US1365916A (en) * 1919-08-15 1921-01-18 Ernst E Horstmann Concentrator
US1607345A (en) * 1925-06-09 1926-11-16 Harry L Harding Vegetable cooker
US1694452A (en) * 1927-02-07 1928-12-11 Laval Separator Co De Milk pasteurizer
US1727444A (en) * 1926-12-17 1929-09-10 Baker Perkins Co Inc Apparatus for treating chocolate
US1734824A (en) * 1929-11-05 Method of and apparatus for treating material
US1844347A (en) * 1930-03-24 1932-02-09 Frank D Chapman Oscillatory heater mixer
US2378950A (en) * 1937-10-02 1945-06-26 Reich Ernest Method of preparing food
US2448538A (en) * 1943-09-20 1948-09-07 Stearns Roger Mfg Company Cyclic regulation of crystallizers
GB627384A (en) * 1947-08-01 1949-08-08 Carl August Steen Improvements in tiltable steam-jacketed boiling vessels
US2513254A (en) * 1947-09-19 1950-06-27 Savage Bros Company Kettle scraping unit
US2540250A (en) * 1949-01-21 1951-02-06 Henry H Feldstein Sugar crystallizer apparatus
US2558294A (en) * 1946-11-15 1951-06-26 Edmond J Finizie Method of cooking food
US2585767A (en) * 1950-06-30 1952-02-12 Nat Equip Corp Kettle

Patent Citations (16)

* Cited by examiner, † Cited by third party
Publication number Priority date Publication date Assignee Title
US563860A (en) * 1896-07-14 hopkins
US1734824A (en) * 1929-11-05 Method of and apparatus for treating material
US1088113A (en) * 1913-11-10 1914-02-24 Creamery Package Mfg Co Apparatus for treating milk and cream or the like.
US1162108A (en) * 1914-04-22 1915-11-30 Peter H Schlueter Kettle.
US1365916A (en) * 1919-08-15 1921-01-18 Ernst E Horstmann Concentrator
US1607345A (en) * 1925-06-09 1926-11-16 Harry L Harding Vegetable cooker
US1727444A (en) * 1926-12-17 1929-09-10 Baker Perkins Co Inc Apparatus for treating chocolate
US1694452A (en) * 1927-02-07 1928-12-11 Laval Separator Co De Milk pasteurizer
US1844347A (en) * 1930-03-24 1932-02-09 Frank D Chapman Oscillatory heater mixer
US2378950A (en) * 1937-10-02 1945-06-26 Reich Ernest Method of preparing food
US2448538A (en) * 1943-09-20 1948-09-07 Stearns Roger Mfg Company Cyclic regulation of crystallizers
US2558294A (en) * 1946-11-15 1951-06-26 Edmond J Finizie Method of cooking food
GB627384A (en) * 1947-08-01 1949-08-08 Carl August Steen Improvements in tiltable steam-jacketed boiling vessels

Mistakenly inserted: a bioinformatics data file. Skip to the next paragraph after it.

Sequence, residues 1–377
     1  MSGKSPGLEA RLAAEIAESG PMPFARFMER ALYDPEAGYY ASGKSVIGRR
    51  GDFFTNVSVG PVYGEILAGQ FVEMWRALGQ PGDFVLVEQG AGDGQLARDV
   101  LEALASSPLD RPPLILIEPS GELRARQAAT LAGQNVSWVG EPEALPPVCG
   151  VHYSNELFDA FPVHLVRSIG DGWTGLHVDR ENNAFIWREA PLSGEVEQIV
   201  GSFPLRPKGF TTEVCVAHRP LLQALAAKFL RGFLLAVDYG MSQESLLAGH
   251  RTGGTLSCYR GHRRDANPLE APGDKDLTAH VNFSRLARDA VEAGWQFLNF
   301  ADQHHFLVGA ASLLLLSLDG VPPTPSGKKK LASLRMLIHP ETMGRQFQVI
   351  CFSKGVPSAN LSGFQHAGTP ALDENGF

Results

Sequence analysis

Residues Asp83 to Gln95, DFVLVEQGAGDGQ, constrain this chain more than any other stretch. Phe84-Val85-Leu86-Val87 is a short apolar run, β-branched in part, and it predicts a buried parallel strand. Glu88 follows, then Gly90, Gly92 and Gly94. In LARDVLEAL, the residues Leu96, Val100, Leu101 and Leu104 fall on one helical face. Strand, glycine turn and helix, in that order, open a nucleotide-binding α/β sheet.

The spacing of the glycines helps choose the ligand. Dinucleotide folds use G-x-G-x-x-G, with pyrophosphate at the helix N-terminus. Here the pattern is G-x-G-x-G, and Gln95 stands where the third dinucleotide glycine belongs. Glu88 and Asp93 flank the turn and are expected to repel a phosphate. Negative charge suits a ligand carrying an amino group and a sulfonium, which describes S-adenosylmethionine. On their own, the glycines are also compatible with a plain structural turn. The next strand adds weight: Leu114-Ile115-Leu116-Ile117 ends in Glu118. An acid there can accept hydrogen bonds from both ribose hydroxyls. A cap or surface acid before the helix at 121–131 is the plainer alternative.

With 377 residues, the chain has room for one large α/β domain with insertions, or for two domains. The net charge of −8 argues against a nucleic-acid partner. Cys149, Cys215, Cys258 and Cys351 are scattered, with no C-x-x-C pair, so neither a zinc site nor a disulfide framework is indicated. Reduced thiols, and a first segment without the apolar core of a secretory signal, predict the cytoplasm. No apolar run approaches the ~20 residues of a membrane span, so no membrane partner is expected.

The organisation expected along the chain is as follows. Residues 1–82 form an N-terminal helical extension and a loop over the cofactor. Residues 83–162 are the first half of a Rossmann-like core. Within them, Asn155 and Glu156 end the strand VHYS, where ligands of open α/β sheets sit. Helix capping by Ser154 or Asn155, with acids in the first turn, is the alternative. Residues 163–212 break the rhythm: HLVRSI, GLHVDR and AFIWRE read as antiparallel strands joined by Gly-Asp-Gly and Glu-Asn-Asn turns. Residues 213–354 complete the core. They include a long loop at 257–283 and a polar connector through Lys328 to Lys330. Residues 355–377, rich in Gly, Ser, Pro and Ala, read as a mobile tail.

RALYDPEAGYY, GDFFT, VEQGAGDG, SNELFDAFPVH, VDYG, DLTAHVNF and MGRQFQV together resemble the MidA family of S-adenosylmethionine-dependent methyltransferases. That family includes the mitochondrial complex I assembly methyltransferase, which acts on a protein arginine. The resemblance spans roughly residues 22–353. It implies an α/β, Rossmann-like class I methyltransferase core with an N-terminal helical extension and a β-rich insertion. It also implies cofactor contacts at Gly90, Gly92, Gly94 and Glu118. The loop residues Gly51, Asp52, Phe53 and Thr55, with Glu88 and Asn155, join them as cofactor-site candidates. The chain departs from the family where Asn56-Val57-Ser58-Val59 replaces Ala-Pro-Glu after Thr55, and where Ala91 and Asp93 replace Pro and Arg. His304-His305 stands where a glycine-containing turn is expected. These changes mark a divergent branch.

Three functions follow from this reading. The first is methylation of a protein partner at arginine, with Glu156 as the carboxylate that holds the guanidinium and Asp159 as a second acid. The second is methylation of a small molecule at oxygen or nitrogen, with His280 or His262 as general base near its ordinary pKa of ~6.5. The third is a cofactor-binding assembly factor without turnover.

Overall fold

US2513254A (en) * 1947-09-19 1950-06-27 Savage Bros Company Kettle scraping unit
US2540250A (en) * 1949-01-21 1951-02-06 Henry H Feldstein Sugar crystallizer apparatus
US2585767A (en) * 1950-06-30 1952-02-12 Nat Equip Corp Kettle

Cited By (15)

* Cited by examiner, † Cited by third party
Publication number Priority date Publication date Assignee Title
US3638557A (en) * 1969-01-07 1972-02-01 Henrik Ljung Machine for preparing mashed potatoes
US3739711A (en) * 1971-04-19 1973-06-19 Hansel Gmbh O Apparatus for continuous production of toffee-soft caramel and similar masses of the sweets industry
US4114522A (en) * 1976-07-19 1978-09-19 Morinaga & Co., Ltd. Method and apparatus for automatically detecting and controlling the degree of caramelization of candies
US4199266A (en) * 1977-08-31 1980-04-22 Giusti Raolo B Processing vessels
US4395133A (en) * 1980-09-25 1983-07-26 Landskrona Finans Ab Cooking apparatus having a stirring device
US4571091A (en) * 1983-02-22 1986-02-18 J. C. Pardo And Sons Food process agitator
NL8601889A (en) * 1985-08-09 1987-03-02 Haensel Otto Gmbh Method and apparatus for charging manufacture of ventilated sugar products in a pressured storage machine
EP0400201A1 (en) * 1989-06-02 1990-12-05 Klöckner Hänsel GmbH Process for making aerated confectionary from a sugar solution and a foaming agent solution in stages
US5220865A (en) * 1992-04-20 1993-06-22 Tatsuo Nagaoka Peeling apparatus
US6105490A (en) * 1998-08-03 2000-08-22 Horn; Darrell Apparatus for marinating meat products
US20070286017A1 (en) * 2006-06-12 2007-12-13 Wong Don M Stirring and Mixing Apparatus
US8066427B2 (en) * 2006-06-12 2011-11-29 Don Wong Stirring and mixing apparatus
US8206026B2 (en) 2006-06-12 2012-06-26 Wong Don M Food flipping and turning apparatus
US8210737B2 (en) 2006-06-12 2012-07-03 Wong Don M Food preparation method
US8303166B2 (en) 2006-06-12 2012-11-06 Wong Don M Food flipping and turning spatula